Demands for banks to upgrade consumer protection after 81yo loses $40k in scam

Consumer NZ is warning New Zealand banks are lagging far behind banks in other countries when it comes to protecting consumers from scams.

It comes after an 81-year-old grandfather recently had $40,000 stolen from him, sparking impassioned calls for change.

A lifetime of savings for the grandkids - gone, in a flash.

"I never thought it would ever happen to me," the victim told Newshub.

The scam victim is in their 80s. He wishes to remain anonymous - feeling ashamed.

"I was pretty upset - I didn't know which way to turn - I had that money saved up for my granddaughter and my son and his wife," they said.

It all started with a phone call from someone claiming to be a police officer.

"I was told they were working on a sting and they want to transfer that money into the bank account. And I'd get instructions on who to send it to," the victim said.

"So I said 'yeah OK - I can do that if it's going to help the situation'."

Our victim even made a trip into the bank to talk to a teller about transferring money to an offshore account they'd never used before. It's at this point critics say the bank should've picked up the scam.

The victim doesn't want the name of the bank revealed but it's one of New Zealand's largest providers.

In a statement to Newshub the bank said: "Our branch staff showed him material designed to help spot scams... asked on three occasions if he was sure he wasn't being scammed.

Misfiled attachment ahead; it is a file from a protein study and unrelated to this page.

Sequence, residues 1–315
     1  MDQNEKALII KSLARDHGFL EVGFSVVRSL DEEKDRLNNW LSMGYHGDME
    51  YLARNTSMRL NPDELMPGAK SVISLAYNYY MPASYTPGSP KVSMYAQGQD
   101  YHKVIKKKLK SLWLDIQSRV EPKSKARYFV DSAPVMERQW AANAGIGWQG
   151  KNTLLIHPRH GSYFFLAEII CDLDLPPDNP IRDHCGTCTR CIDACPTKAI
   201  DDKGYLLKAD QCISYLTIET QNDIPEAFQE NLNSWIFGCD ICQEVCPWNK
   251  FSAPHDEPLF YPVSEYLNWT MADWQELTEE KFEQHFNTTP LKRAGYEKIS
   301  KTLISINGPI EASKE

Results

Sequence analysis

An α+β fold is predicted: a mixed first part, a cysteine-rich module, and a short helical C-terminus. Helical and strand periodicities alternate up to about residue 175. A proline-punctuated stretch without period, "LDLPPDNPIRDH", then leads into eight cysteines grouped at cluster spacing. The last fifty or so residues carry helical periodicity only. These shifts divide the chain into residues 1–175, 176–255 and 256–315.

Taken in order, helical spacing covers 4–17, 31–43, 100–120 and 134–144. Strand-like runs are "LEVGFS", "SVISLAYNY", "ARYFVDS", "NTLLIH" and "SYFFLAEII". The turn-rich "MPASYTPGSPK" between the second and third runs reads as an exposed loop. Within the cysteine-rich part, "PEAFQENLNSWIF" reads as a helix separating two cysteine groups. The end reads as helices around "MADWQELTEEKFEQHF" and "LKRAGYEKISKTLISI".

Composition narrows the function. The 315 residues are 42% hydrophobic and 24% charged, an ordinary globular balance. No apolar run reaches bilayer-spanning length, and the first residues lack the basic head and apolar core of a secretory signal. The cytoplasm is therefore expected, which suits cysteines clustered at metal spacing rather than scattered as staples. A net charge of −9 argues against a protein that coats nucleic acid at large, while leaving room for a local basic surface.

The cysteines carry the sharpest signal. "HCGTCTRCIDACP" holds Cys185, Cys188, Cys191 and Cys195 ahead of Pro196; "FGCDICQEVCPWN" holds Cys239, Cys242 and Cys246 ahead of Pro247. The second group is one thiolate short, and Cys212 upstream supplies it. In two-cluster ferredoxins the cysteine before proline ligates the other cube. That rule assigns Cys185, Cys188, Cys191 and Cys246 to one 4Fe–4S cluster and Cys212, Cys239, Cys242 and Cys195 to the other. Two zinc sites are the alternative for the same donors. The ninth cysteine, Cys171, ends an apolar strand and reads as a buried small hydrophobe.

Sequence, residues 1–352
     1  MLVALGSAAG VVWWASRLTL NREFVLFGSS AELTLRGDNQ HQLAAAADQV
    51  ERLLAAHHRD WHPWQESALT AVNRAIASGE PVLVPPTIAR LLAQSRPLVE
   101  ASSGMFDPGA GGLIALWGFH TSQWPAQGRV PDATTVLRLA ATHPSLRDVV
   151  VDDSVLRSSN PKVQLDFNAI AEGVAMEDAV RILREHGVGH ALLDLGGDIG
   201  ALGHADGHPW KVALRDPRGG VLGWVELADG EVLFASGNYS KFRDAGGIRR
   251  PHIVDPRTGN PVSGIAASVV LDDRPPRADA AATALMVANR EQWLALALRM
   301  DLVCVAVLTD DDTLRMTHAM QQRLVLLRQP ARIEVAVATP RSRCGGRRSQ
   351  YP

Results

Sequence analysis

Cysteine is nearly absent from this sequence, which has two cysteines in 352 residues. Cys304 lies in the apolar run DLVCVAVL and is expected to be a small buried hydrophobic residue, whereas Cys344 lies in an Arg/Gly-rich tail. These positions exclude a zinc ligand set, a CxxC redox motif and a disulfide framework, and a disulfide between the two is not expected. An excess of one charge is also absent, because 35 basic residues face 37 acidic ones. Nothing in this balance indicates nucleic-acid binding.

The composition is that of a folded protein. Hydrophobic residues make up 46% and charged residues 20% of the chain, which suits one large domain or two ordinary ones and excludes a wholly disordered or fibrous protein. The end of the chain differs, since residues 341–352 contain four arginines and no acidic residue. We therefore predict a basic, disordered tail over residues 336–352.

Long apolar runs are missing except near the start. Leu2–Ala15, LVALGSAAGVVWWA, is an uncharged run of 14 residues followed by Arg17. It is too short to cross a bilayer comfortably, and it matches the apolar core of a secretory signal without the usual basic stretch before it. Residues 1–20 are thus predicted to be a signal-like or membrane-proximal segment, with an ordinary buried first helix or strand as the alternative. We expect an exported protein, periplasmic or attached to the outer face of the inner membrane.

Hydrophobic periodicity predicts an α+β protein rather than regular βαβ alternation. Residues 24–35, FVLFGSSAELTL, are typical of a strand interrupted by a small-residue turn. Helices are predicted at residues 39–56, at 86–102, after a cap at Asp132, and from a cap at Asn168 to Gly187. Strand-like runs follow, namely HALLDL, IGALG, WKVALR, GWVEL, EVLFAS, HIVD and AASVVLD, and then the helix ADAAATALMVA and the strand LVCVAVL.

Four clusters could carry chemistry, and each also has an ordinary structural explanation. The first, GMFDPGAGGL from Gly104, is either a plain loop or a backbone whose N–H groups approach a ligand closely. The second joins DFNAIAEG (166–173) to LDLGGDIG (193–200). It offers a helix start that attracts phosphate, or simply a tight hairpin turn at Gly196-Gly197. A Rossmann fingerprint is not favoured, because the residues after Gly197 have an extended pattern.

"The customer assured us the payment was legitimate."

But victim advocates say banks should be doing more to protect their customers.

"Don't rely on the one fact that just because the customer says it makes it right. We know the scammers are grooming them. We know they're walking them through the process - sometimes they're even on the phone when they walk into the branch," independent scam investigator Bronwyn Groot said.

She said tellers should be asking more questions.

"Did someone talk to you over the phone? Have you met this person?" Groot said.

"We need to slow the payments down particularly when you've got someone whose spending pattern is outside the norm. Slow it down and give your fraud teams to investigate it."

Consumer NZ said banks around the world are already doing this.

"Yes - New Zealand banking is behind," Consumer NZ chief executive Jon Duffy told Newshub.

Last month New Zealand banks said they'd do better. Among their promises was to work to create an industry-wide checking service. But time is ticking.

"Given the pace the New Zealand banking systems moves, it could be some years before we see this introduced," Duffy said.

All the while the number of victims is growing.

"We are seeing an increase. I think what worries us is that because of shame they might not be telling the bank or telling people they've been involved in a scam," said Age Concern CEO Karen Billings-Jensen.

A government cyber security organisation says Kiwis are losing millions every years - and police say they're swamped in callouts.

"Nationally there will be hundreds of cases a day being reported to police and we do know not all fraud is reported, so we know the scale of it is truly massive," said Detective Senior Sergeant Ryan Bunting.

All this is all too late for this 81-year-old grandfather.